[0061] (Process 7) Then, a current is allowed to flow in the electroconductive film 6, and the gap 5 is defined in a part of the electroconductive film 6 to form the electron emitting device (FIG. 3D). A process of forming the gap 5 by allowing the current to flow in the electroconductive film 6 in this way is called “forming”. The electroconductive film 6 is substantially divided into two films through the “forming” process.

[0062] In the electron emitting device according to the present invention, there is a case in which the electroconductive film 6 is omitted. In this case, the above gap 5 is formed by an interval between the. electrode 2 and the electrode 4 (the thickness of the insulating layer 3). In this case, the above process 6 and subsequent processes can be omitted.

[0063] For that reason, in the present invention, the electrode 2 and the electroconductive film 6 connected to the electrode 2 may be called “lower-potential side electroconductive member” together. Similarly, in the present invention, the electrode 4 and the electroconductive film 6 connected to the electrode 4 may be called “higher-potential side electroconductive member” together.

[0064] In addition, in the electron emitting device according to the present invention, there is a case in which a process 8 called “activation” is further conducted after the gap 5 has been formed. This process is, for example, a process of forming a carbon film on an insulating layer 3 within the gap 5 as well as the electroconductive film 6 in the vicinity of the gap 5 by applying a voltage to the electrode 2 and the electrode 4 under the condition where carbon compound exists. A narrower gap is formed in the gap 5 formed by the forming process, etc., by conducting the above process. This activation operation may be increase the electron emission amount.

[0065] The carbon film formed through the activation operation is connected to “lower-potential side electroconductive member” and/or “higher-potential side electroconductive member” with the narrower gap (second gap) formed within the gap 5 as a boundary, which depends on a potential applied to the electrodes 2 and 4 during the activation operation.

[0066] For that reason, in the present invention, even if the activation operation is conducted, there is a case in which the carbon film connected to the “lower-potential side electroconductive member” and the “lower-potential side electroconductive member” are called “lower-potential side electroconductive member” together. Similarly, in the present invention, even if the activation operation is conducted, the carbon film connected to the “higher-potential side electroconductive member” and the “higher-potential side electroconductive member” are called “higher-potential side electroconductive member” together.

[0067] The carbon film produced in the activation operation is, for example, a film that mainly contains graphite (which contains so-called HOPG, PG, GC. HOPG is directed to the substantially complete crystal structure of graphite, PG is directed to the slightly disordered crystal structure of crystal grains about 200 Å, and GC is directed to the largely disordered crystal structure of crystal grains about 20 Å) and/or amorphous carbon (which is directed to amorphous carbon and the mixture of amorphous carbon and the microcrystal of the above graphite).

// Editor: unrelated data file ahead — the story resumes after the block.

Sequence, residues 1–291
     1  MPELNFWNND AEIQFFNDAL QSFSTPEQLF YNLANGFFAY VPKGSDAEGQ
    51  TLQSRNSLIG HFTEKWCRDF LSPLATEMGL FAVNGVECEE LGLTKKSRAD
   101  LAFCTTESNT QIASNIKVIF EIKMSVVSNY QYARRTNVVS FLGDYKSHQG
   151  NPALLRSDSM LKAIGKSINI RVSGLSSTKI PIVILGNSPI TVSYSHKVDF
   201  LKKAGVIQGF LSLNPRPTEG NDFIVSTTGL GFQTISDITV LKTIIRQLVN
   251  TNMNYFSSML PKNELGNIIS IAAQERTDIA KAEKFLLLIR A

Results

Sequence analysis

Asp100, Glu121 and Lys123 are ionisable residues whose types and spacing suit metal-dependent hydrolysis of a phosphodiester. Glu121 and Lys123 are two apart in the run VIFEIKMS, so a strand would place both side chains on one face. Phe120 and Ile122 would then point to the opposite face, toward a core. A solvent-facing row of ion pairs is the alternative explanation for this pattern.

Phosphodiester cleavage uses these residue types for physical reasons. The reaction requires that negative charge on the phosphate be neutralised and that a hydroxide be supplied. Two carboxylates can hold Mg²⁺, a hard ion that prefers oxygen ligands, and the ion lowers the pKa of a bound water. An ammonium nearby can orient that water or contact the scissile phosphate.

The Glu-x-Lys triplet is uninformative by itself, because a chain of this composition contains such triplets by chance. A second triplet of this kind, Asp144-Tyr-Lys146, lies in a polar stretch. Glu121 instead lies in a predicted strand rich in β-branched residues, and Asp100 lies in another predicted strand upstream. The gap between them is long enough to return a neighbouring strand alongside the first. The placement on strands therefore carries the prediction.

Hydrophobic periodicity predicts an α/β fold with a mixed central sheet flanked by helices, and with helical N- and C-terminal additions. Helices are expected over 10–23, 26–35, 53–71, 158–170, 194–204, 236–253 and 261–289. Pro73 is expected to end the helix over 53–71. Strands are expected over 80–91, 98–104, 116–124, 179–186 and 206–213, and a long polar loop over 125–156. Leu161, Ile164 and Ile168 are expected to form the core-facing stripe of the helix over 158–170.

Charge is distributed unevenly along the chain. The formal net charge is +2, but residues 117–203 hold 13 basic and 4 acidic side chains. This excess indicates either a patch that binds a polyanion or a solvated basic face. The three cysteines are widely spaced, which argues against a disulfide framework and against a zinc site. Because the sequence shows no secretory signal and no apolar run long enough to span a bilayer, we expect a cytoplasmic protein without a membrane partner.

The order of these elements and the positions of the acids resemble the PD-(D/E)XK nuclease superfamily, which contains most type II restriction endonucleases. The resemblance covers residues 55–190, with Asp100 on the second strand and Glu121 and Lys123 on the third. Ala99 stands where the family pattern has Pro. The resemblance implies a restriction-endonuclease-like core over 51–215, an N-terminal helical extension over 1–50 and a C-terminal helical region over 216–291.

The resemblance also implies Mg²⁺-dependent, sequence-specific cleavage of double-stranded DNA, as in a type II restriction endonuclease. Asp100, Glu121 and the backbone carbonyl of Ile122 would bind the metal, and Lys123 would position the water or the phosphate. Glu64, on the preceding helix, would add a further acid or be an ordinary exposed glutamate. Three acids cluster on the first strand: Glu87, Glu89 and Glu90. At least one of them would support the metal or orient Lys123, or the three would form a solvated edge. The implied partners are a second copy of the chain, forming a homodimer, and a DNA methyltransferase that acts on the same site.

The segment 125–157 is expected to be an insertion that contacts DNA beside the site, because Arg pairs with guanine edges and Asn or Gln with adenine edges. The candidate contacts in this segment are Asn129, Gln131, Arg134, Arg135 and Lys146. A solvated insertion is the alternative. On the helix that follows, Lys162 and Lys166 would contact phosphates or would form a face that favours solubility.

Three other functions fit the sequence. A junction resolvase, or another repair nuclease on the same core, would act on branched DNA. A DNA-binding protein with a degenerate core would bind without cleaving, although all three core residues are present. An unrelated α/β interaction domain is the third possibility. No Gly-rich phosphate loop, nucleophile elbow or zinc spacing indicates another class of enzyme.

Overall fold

[0068] An example of a vacuum processing apparatus used in the above “forming” process and “activation” operation will be described with reference to FIG. 4. Also, the apparatus shown in FIG. 4 can be used as an apparatus for measuring the characteristics of the electron emitting device as it is. In FIG. 4, reference numeral 45 denotes a vacuum chamber, and 46 is an exhaust pump. Reference numeral 47 denotes a supply source of carbon compound gas used in the activation operation. The device of the present invention is disposed within the vacuum chamber 45.

[0069] That is, reference numeral 1 denotes a substrate, 2 is a lower-potential side electrode, 3 is an insulating layer, 4 is a higher-potential side electrode to which a potential higher than the electrode 2 is applied, 5 is a gap, 6 is an electroconductive film, 41 is a power supply for applying a voltage Vf between the electrode 2 and the electrode 4. Also, reference numeral 40 denotes an ammeter for measuring a device current If that flows between the lower-potential side electrode 2 and the higher-potential electrode 4, 8 is an anode electrode for complementing an emission current Ie emitted from the device. Further, reference numeral 43 denotes a voltage source for applying a potential higher than a potential applied to the electrode 4 to the anode electrode 8, and 42 is an ammeter for measuring the emission current Ie emitted from the electron emitting device.

[0070] As an example, measurement can be made assuming that a voltage across the anode electrode is set to a range of 0 to 10 kV, and a distance H between the anode electrode and the electron emitting device is set to a range of 100 μm to 8 mm. In this case, the voltage across of the anode electrode is a voltage value between a potential applied to the lower-potential side electrode 2 and a potential applied to the anode electrode. Also, the above distance H is indicated by a distance between the gap 5 and the anode electrode in a narrow sense. However, since the thickness of the layered product essentially consisting of the electrode 2, the insulating layer 3 and the electrode 4 is very thin, the distance H is defined as a distance between the anode electrode and the substrate 1 without any problem.